In 2006 the Australian daredevil Steve Irwin, a nature enthusiast, died as the result of a stingray attack. Known as the “crocodile man”, Irwin had for years diced with death, especially with crocodiles, as his fans saw on his various TV series. It was sad that he had to die the way he did, but some would say it was an expected death.
That could be the case when we look back, but you could not tell Irwin or his fans at the time about the dangers of playing with wild animals. It looks good on TV, but the dangers are real and now that the Irwin family is without a father and a husband, it is apparent just how unnecessary and unsafe some of Irwin’s demonstration were.
I saw a man chew glass in a magic act for a talent show audition. The judges quickly stopped him, because he was bleeding, yet he insisted he was fine.
Watching his stupid determination confirmed what I am writing about here: performers who risk their well-being to be successful in life.
This brings us to the matter at hand, The Legend of Shelby the Swamp Man, another show about a man living in otherwise impossible conditions. We remember Shelby Stanga from the hit series Ax Men when he and his team took us into the wild and showed us the lives of several logging teams as they went about their daily work. The emphasis was on showing us how dangerous tree felling is and how the loggers here were no ordinary men.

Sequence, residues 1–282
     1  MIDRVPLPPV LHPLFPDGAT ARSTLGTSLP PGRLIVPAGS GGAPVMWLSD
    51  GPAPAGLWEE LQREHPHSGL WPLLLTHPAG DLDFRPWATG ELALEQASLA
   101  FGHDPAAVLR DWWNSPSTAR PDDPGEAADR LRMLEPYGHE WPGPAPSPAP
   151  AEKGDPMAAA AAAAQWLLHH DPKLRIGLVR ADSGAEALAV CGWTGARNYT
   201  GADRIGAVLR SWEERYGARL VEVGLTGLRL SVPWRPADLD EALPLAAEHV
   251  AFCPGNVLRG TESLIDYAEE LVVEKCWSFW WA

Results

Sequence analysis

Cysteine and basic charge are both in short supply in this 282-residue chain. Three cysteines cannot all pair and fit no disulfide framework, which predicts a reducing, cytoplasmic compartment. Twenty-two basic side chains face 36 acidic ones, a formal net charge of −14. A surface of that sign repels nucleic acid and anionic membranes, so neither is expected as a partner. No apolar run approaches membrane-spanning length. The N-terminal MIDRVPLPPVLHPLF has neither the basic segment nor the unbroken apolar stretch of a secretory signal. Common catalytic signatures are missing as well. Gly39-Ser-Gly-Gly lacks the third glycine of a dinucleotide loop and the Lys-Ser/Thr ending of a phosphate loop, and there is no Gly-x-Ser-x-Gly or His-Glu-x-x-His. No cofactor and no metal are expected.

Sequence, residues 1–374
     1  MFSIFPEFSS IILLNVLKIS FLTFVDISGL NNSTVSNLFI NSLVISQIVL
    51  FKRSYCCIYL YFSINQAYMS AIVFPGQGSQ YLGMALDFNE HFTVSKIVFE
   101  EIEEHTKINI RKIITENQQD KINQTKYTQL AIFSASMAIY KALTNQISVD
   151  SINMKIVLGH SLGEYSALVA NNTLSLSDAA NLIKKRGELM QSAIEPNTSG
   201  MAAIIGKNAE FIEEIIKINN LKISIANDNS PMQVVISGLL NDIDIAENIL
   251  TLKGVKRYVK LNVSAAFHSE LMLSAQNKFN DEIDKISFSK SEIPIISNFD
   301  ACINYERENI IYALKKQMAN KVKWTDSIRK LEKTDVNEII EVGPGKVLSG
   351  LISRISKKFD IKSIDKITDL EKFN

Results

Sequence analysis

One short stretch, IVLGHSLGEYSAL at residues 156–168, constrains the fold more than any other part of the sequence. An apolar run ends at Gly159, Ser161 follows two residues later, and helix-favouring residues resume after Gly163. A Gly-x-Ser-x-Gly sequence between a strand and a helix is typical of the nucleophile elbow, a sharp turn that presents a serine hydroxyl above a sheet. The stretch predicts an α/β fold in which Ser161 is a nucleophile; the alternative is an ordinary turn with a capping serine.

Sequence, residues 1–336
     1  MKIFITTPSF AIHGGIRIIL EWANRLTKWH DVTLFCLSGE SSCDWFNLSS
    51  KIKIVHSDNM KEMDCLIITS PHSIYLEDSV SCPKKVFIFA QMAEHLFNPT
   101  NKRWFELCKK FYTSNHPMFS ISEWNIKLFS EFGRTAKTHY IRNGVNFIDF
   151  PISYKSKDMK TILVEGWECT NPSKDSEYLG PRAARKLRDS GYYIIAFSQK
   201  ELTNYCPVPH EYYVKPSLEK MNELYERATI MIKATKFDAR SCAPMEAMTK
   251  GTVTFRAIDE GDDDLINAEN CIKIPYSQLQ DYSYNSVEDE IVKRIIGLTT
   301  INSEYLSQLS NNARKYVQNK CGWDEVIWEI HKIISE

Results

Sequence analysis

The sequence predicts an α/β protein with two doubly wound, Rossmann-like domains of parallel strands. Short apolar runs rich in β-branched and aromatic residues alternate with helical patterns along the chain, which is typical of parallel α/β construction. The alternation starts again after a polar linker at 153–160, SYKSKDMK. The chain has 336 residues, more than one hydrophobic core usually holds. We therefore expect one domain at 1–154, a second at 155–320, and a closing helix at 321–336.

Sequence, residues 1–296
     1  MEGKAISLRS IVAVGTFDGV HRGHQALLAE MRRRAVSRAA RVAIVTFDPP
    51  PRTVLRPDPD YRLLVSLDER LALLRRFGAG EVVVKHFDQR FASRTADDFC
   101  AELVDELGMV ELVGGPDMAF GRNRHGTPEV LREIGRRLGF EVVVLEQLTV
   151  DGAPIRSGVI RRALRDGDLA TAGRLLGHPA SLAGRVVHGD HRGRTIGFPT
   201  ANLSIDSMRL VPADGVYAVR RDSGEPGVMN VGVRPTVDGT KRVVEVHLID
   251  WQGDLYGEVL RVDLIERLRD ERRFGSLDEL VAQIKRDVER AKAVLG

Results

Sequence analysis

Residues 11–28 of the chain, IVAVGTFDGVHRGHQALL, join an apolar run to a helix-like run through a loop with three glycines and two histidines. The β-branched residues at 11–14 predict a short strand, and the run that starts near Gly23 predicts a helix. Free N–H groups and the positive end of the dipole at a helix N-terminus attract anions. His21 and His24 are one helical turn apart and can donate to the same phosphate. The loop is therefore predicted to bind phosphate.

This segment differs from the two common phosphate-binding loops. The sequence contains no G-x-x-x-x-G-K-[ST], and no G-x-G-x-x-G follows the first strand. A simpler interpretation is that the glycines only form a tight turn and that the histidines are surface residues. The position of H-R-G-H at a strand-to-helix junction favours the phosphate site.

Now that Ax Men has run its course, Stanga feels there are many dangerous escapades he still has to show you, so The Legend of Shelby the Swamp Man is now upon us.
Having lived in the bayou since he was nine, Stanga knows little about the outside world and is fine with that. However, a hurricane destroyed his houseboat and there is no place in his immediate vicinity where he can get a replacement, so we see the man step out of his comfort zone to go into a world of escalators and lifts.
Few people understand his Southern accent, so it’s fun and games to watch him communicate.
But the journey will not start with him going to the airport and flying out. Stanga has to walk, barefoot as usual, through the surrounding communities, busying himself with whatever tasks come his way.
So you will see him working at an alligator farm, handling the beasts no one else dares to, then you will see him performing the fierce task of clearing out swamp rats in various people’s residences.
Although still technologically challenged and seemingly stuck in a different time period to us, one thing is for sure, Stanga makes Bear Grylls look like a novice.
• The Legend of Shelby the Swamp Man, January 16, 8.30pm on History (DStv channel 186).